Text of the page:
Alternatively, if you're looking for a much easier (and more expensive), turn-key system designed specifically for real estate professionals, both Pebble and Carrot have some great options to work with, starting at $69/mo for Carrot and $258/mo for Pebble.
When making offers and closing deals on your own, you will need some basic forms and templates to get the job done.
It is possible to find some free (and janky) versions of these forms on the internet, but I wouldn't recommend this. For a small investment, you can get more reliable templates for completing your deeds, notes, land contracts, deeds of trust, and more from websites like US Legal or Rocket Lawyer.
Neither of these websites will provide the same quality as hiring an attorney (which will run you several hundred dollars per hour). Still, they will give you some great options to work with if you want a good ratio of higher quality to lower cost.
Cost: Most document templates can be purchased from US Legal or Rocket Lawyer for a one-time fee of $40 or less.
Many people forget that when running a business, apart from their personal finances, they'll also have to do basic bookkeeping to ensure they're staying on top of their current financial situation and direction. It will also help you avoid a lot of stress come tax time.
The complexity of this accounting work is relatively simple in the beginning, and there are some free software options out there that can help, but when business picks up. You start doing more deals, you'll want to have a good working system at your disposal.
Cost: I currently use QuickBooks in my business (this is probably the world's most widely used accounting software). Some other popular alternatives FreshBooks and Xero. These options are all available on a subscription basis for less than $30/mo.
Some things are great long-term tools to have in place, but it's certainly possible to get by for an extended time without them. Here are a few things I would recommend paying for if and when you have the money… but these are NOT prerequisites to getting started.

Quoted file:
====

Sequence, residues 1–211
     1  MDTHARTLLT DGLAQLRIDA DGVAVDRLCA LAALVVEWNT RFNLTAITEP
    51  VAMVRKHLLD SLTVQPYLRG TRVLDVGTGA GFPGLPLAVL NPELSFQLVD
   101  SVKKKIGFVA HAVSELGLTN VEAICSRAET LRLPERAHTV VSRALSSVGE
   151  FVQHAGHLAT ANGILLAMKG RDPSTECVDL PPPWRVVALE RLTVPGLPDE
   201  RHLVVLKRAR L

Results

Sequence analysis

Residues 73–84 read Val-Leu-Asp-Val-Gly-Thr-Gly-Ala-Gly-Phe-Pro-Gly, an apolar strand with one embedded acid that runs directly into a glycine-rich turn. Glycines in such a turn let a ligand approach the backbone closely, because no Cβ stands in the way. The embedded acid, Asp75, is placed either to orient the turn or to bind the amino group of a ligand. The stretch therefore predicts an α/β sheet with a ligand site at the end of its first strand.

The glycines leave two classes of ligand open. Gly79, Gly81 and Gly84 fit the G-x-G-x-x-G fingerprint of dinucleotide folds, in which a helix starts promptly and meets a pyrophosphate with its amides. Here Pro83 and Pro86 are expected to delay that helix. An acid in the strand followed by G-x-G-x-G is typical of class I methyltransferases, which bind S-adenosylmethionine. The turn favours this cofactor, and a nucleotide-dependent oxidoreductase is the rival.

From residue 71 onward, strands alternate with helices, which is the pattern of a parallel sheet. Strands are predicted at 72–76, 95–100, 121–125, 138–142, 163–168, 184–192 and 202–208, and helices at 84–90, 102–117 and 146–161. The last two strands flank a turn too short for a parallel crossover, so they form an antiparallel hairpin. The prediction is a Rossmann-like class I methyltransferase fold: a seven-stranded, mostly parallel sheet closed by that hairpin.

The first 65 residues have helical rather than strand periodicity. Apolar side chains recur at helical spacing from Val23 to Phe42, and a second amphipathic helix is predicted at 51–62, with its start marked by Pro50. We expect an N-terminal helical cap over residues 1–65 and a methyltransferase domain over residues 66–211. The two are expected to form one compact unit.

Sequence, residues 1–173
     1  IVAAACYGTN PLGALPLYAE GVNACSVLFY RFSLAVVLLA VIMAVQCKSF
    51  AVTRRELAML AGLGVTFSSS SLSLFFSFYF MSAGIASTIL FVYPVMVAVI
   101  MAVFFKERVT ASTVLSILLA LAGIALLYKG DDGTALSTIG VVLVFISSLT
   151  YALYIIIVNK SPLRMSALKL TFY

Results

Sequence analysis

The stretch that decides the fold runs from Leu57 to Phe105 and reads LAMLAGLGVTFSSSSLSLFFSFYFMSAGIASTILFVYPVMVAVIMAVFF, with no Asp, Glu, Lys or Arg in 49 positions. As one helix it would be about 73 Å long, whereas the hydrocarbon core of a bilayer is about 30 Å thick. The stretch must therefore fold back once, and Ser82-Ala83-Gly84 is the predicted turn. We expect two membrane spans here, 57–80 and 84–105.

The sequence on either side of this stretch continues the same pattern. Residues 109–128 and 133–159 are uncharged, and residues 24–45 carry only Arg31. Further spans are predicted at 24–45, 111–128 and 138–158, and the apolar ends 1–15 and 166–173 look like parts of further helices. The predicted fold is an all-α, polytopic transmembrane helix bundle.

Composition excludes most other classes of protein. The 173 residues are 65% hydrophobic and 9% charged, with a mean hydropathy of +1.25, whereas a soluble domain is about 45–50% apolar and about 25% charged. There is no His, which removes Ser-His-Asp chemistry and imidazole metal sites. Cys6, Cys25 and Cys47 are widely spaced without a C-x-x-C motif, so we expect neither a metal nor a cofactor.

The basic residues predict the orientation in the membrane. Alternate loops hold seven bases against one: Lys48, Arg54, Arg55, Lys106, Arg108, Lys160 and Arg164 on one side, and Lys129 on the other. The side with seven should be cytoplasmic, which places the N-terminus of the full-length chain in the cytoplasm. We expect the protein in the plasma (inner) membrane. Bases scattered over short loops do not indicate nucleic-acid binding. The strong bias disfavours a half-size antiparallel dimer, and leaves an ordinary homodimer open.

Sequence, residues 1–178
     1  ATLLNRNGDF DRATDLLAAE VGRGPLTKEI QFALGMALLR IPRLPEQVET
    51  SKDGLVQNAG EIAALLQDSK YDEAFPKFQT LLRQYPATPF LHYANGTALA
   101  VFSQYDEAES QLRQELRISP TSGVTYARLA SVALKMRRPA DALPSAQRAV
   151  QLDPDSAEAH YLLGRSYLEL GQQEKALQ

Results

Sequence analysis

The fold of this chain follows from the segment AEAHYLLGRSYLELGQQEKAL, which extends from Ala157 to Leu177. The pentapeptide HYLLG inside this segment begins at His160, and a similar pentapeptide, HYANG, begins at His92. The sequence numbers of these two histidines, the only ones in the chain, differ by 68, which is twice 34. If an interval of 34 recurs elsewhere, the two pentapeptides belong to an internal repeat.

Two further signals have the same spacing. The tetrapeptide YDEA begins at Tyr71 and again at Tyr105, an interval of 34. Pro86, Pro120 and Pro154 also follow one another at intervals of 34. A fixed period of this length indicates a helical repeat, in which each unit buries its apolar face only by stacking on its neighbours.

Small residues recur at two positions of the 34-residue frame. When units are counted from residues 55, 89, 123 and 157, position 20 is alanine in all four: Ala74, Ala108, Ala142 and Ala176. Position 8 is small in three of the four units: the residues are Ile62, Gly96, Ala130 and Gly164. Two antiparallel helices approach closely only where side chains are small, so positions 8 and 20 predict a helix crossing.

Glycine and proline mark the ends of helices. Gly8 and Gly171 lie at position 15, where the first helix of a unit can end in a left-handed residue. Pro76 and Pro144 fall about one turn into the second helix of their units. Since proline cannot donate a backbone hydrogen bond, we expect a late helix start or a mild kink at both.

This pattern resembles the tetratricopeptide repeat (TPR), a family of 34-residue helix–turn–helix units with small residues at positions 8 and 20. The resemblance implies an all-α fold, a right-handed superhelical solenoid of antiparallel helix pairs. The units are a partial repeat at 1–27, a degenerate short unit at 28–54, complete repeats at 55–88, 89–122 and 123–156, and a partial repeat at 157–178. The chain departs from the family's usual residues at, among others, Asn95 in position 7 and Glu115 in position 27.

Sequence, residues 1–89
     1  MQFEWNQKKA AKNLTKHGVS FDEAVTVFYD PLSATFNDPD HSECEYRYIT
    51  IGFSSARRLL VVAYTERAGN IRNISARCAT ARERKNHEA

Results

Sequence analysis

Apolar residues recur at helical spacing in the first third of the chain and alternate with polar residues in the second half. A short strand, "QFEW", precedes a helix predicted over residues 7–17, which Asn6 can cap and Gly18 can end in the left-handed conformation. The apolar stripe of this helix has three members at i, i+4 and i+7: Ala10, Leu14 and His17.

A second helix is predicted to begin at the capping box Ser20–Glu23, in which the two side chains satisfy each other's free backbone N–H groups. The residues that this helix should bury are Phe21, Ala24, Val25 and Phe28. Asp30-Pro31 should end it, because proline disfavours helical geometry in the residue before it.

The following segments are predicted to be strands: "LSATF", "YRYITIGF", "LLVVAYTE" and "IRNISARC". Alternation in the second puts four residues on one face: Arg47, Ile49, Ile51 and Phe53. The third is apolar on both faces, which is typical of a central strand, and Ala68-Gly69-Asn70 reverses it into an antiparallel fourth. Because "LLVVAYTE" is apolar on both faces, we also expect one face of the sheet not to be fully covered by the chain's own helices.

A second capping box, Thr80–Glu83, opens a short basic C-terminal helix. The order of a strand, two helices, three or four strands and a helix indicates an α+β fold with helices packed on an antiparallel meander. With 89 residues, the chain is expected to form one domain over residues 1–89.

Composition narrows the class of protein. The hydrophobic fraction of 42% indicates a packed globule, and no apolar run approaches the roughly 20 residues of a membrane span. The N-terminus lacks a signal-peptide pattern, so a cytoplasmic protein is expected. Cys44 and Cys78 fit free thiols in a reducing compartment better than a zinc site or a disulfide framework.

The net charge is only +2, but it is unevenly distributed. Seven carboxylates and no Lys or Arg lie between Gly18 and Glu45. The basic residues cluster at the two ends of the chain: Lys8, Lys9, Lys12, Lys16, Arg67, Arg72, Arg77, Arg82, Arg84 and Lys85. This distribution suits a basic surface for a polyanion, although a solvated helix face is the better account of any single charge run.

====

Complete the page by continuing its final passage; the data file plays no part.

Register Your Business Entity
Most legal professionals strongly recommend running your business under a corporation or LLC. However, practically speaking, this isn't something that NEEDS to happen to start doing deals and making money.
The benefit of using a business entity is that it will help shelter you from legal liability. In the unlikely event that someone tries to sue you for something your business did, they wouldn't be able to reach past your business assets and touch your personal holdings (assuming you kept a clear separation between your personal and business finances).
Using a corporate entity requires more sophistication and understanding in handling the accounting, using a separate business bank account, keeping up with annual filing requirements, and the like, so this is another thing to keep in mind.
In addition to registering your business entity, you may also want to consider filing for an assumed name if you're running two or more “arms” of your business (e.g., one name for buying and another for selling). You can use both names under the same entity, but you would need to register that assumed name (aka – trade name, dba, fictitious name) accordingly.
Furthermore, you may also want to register as a foreign business entity if you're doing business in multiple states.
Cost: The cost of registering a new business entity can vary greatly from state to state. Some states cost as little as $50, whereas others cost as much as $800. If you're looking for a third-party service to help make this easier, services like Rocket Lawyer and ZenBusiness are also available. These will typically add another $150 (approximately) to the registration cost.
Logo & Business Identity
This one can be a lot of fun to think and dream about, but when it comes down to the “needs” of a startup real estate business, a fancy logo and business identity (e.g., letterhead, business cards, etc.) is NOT something you need to make lots of money.
When I started, this was one of the first things I spent money on, but it should have been one of the last.
A strong business identity can add value to your operation by building credibility and making your company look legitimate. I wouldn't invest too much time or emotional energy into this until you've made your first buck.
After outlining all the costs that come into play when getting started, here's the rundown of what you can expect to pay.
If your goal is to cut costs at every turn, AND if the results turn out in your favor, you could feasibly pay for all of your essentials and get your first deal done for as little as $1,680. Here's how I got that number:
Basics (Low End)
- Education: REtipster Blog ($0.00)
- Mailbox: USPS P.O. Box (~$200 per year)
- Phone System: Google Voice (~$0.00)
- Direct Mail: 1,000 Postcards at .48 cents each ($480)
- List: DataTree, PropStream, or a Delinquent Tax List (~$300)
- Property Acquisition: Cheap lot, plus all closing costs (~$500)
- Holding Costs: Annual Property Taxes (~$100)
- Selling Costs: Recording Fees and Transfer Taxes (~$100)
- TOTAL: ~$1,680
Note: In the scenario above, I assume that no errors are made and everything is done perfectly. This is possible but not a reasonable expectation for most people. To give yourself room to make beginner mistakes, I would probably add a contingency of $1,000.
Enrichments (Low End)
- Website: Basic WordPress Site (~$150 per year)